Calcium Gluconate 1012/04 Hello, I sincerely appreciate the work you guys are doing. <Thanks!  We sincerely appreciate that you appreciate it!> I have a question about calcium gluconate.  I presume it dissociates in saltwater to calcium ions and glucose or some other sugar. <It does dissociate, but I believe that gluconate is metabolized by bacteria.> If calcium levels are sufficient, could 't you just dose glucose if you are trying to stimulate coralline growth? <Hmmm... you could, though I am not sure how direct the effect is.  The use of simple organic carbon sources (sugars, methanol, ethanol, gluconate, etc.) may provide some direct energy to corals and coralline algae, but the larger effect may be the bacterial growth that is stimulated.  The increased bacterial growth reduces inorganic nitrogen as well as phosphate.  Since phosphate poisons calcification, reduced phosphate increases calcification.  Some "magic potion" products (think of those with cute little cartoons of the mustache and flipper festooned company owner along side of wild claims in their ads) are thought to work this way.> (I note Moe and others using organic sources of carbon for denitrification, not for coralline growth <Indeed.  Methanol fed denitrators have been around for along time, and the notion of ethanol (usually vodka or grain EtOH) is being rehashed on the message boards as we speak.  The long term efficacy and safety of these strategies is questionable.  If denitrification is the goal, natural methods like deep sand beds work well.  Even coil denitrators can work very well without the need for organic carbon input.> perhaps vitamin C or acetic acid would do the same for corallines?) Many thanks!  Charles Matthews MD  <Craig Bingman wrote an excellent article on the use of acetic acid to extend the solubility of Kalkwasser.  He showed the balanced chemical equations for the metabolism of the acetate that proved that the net alkalinity was not different than the use of Kalkwasser alone.  I believe that he also stated (if not demonstrated) the same for gluconate.  FWIW, Vitamin C, or any of its forms (ascorbic acid, etc.) along with any other anti-oxidant is a poor choice since their use can result in significant drops in redox.  Many aquarists have noted a poor response to additions of large amounts of vit C or ascorbic acid.   The bottom line is that "tricks" like inorganic carbon additions are not necessary when other aspects of system design and husbandry are optimized.  However, their may be a place for conscientious and thoughtful experimentation!  Best Regards!  AdamC.>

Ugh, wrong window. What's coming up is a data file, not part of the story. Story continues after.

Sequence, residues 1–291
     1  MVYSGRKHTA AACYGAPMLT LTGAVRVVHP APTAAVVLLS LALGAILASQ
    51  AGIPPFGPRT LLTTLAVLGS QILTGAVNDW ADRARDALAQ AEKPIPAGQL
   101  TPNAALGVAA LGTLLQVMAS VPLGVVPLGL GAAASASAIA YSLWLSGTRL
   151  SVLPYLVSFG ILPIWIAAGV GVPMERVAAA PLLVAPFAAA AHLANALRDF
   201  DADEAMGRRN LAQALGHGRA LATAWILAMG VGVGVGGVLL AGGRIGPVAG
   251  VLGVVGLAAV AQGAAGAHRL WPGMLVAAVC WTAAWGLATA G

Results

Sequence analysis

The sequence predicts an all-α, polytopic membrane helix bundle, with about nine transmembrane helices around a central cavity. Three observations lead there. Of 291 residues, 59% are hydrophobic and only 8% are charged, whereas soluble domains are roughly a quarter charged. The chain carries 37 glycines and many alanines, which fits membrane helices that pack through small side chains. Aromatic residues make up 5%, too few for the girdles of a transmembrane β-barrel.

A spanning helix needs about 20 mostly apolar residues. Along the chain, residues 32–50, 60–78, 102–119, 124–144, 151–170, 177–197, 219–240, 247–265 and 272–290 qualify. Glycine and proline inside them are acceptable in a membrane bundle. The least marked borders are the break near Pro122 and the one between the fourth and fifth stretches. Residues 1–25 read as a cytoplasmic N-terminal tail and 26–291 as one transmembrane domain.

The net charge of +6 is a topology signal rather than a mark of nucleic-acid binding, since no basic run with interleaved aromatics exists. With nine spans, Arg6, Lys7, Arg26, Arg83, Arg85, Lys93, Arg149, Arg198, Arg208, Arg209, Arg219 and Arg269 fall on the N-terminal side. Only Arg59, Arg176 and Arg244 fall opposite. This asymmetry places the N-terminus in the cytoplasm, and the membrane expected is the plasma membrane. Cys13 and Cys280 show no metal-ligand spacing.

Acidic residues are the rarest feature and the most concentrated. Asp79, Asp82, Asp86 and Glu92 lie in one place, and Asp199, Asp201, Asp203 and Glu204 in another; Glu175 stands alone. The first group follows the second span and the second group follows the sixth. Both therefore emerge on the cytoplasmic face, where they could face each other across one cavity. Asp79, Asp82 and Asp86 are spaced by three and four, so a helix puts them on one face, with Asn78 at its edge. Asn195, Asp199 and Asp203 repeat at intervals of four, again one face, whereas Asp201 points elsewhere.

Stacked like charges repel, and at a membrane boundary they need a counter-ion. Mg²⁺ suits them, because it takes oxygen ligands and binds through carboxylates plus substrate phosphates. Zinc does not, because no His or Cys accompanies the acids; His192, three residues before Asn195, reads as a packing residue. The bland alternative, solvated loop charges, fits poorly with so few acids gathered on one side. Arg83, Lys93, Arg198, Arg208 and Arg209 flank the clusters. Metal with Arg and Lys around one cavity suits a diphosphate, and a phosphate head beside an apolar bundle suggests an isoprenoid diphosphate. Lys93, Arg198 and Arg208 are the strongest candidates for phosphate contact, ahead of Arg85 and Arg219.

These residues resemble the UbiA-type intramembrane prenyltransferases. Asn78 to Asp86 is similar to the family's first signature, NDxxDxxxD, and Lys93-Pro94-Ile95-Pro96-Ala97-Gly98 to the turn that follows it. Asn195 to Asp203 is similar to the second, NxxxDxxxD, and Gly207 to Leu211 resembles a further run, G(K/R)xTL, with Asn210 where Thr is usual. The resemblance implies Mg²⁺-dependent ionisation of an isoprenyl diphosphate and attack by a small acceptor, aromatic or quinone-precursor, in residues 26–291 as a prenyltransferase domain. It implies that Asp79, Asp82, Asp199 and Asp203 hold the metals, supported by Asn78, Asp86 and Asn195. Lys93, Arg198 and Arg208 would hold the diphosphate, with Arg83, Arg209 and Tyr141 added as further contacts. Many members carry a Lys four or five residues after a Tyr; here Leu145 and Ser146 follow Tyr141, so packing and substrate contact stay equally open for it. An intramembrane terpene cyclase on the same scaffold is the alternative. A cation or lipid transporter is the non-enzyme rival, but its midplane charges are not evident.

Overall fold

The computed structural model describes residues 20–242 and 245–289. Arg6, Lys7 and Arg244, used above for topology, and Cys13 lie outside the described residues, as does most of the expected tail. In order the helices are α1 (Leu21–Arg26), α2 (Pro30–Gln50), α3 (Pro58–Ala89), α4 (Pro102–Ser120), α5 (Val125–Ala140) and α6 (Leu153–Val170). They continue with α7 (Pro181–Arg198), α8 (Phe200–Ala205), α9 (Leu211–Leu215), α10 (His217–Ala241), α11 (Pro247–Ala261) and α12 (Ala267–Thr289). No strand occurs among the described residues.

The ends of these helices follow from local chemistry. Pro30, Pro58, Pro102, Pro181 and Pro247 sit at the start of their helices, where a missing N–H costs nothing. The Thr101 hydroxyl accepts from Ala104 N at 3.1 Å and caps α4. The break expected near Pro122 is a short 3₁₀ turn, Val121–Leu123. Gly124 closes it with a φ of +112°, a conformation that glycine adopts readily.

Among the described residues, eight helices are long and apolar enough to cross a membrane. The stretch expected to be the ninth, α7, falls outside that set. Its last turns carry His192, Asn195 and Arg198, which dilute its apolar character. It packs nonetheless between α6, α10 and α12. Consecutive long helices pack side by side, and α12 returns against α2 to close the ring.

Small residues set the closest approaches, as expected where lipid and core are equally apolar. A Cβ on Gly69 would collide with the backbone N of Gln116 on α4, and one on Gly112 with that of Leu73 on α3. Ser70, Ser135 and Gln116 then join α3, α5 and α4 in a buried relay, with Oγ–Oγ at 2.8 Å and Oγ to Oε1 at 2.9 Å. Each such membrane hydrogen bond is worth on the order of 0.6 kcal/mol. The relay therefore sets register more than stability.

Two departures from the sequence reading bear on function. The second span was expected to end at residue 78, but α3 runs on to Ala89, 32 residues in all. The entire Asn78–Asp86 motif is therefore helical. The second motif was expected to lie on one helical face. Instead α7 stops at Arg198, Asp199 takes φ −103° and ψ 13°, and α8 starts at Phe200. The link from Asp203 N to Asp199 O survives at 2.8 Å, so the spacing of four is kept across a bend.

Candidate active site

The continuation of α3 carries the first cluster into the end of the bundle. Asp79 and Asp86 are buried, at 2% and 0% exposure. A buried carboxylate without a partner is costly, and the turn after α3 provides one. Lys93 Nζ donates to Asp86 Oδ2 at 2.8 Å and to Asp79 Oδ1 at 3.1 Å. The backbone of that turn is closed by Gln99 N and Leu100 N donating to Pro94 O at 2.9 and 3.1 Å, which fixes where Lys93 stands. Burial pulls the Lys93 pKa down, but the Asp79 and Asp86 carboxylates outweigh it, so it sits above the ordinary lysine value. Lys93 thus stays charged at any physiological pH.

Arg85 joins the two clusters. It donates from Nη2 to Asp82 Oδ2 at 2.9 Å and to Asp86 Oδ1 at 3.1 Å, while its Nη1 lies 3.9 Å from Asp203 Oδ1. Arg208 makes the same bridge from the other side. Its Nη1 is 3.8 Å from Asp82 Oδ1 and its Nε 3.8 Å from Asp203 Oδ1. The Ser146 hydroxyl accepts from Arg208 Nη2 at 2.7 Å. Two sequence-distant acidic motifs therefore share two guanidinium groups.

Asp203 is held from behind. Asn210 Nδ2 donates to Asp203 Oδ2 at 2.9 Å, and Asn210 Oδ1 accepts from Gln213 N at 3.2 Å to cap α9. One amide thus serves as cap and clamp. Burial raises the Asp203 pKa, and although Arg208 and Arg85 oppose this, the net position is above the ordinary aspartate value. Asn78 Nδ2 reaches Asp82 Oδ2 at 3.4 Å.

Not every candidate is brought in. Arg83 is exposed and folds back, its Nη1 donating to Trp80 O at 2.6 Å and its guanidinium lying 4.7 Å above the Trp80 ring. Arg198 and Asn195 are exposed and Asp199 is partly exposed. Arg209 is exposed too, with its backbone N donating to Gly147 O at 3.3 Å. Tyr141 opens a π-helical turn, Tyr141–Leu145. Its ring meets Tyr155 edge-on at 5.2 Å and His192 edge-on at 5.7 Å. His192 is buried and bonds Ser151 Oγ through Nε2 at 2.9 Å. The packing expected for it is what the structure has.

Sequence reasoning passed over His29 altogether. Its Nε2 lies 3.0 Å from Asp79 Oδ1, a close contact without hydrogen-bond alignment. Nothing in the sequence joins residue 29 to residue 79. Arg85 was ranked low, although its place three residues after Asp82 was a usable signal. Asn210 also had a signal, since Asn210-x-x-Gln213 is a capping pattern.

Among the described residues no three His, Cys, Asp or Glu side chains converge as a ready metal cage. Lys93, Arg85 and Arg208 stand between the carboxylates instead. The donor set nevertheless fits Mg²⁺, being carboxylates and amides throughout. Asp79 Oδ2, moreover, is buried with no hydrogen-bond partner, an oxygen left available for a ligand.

Calcium Gluconate follow up 10/14/04 Thanks for your thoughts, Adam!   <Always a pleasure!> I'm still unclear about whether the addition of calcium gluconate to seawater differs chemically from adding glucose to seawater, since c.g. will dissociate (ignoring the minor calcium issues? Charles  <I am not 100% sure of this either.  There is no question that the gluconate will be safely broken down.  The net effect on any process is likely to be negligible.  My big concern with this as a source of calcium is the lack of alkalinity.  If you are otherwise maintaining alkalinity and/or wish to add some source of simple organic carbon, then by all means go for it.  Hope this helps.  For the definitive answer, check the chemistry forum at reefcentral. AdamC.>